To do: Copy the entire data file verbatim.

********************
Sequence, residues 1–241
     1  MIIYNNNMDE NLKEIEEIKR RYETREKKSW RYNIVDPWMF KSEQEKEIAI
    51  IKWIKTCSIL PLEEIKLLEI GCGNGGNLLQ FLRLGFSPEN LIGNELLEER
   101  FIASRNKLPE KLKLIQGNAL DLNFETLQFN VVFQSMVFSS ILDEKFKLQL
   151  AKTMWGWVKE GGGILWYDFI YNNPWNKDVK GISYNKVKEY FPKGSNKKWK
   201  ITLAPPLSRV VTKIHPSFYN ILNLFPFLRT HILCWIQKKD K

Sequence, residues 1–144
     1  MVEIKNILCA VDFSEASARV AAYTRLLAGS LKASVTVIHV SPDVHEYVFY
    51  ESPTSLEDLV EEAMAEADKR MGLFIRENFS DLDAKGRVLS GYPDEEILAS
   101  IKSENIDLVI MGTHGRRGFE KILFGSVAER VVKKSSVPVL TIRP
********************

Sequence, residues 1–241
     1  MIIYNNNMDE NLKEIEEIKR RYETREKKSW RYNIVDPWMF KSEQEKEIAI
    51  IKWIKTCSIL PLEEIKLLEI GCGNGGNLLQ FLRLGFSPEN LIGNELLEER
   101  FIASRNKLPE KLKLIQGNAL DLNFETLQFN VVFQSMVFSS ILDEKFKLQL
   151  AKTMWGWVKE GGGILWYDFI YNNPWNKDVK GISYNKVKEY FPKGSNKKWK
   201  ITLAPPLSRV VTKIHPSFYN ILNLFPFLRT HILCWIQKKD K

Sequence, residues 1–144
     1  MVEIKNILCA VDFSEASARV AAYTRLLAGS LKASVTVIHV SPDVHEYVFY
    51  ESPTSLEDLV EEAMAEADKR MGLFIRENFS DLDAKGRVLS GYPDEEILAS
   101  IKSENIDLVI MGTHGRRGFE KILFGSVAER VVKKSSVPVL TIRP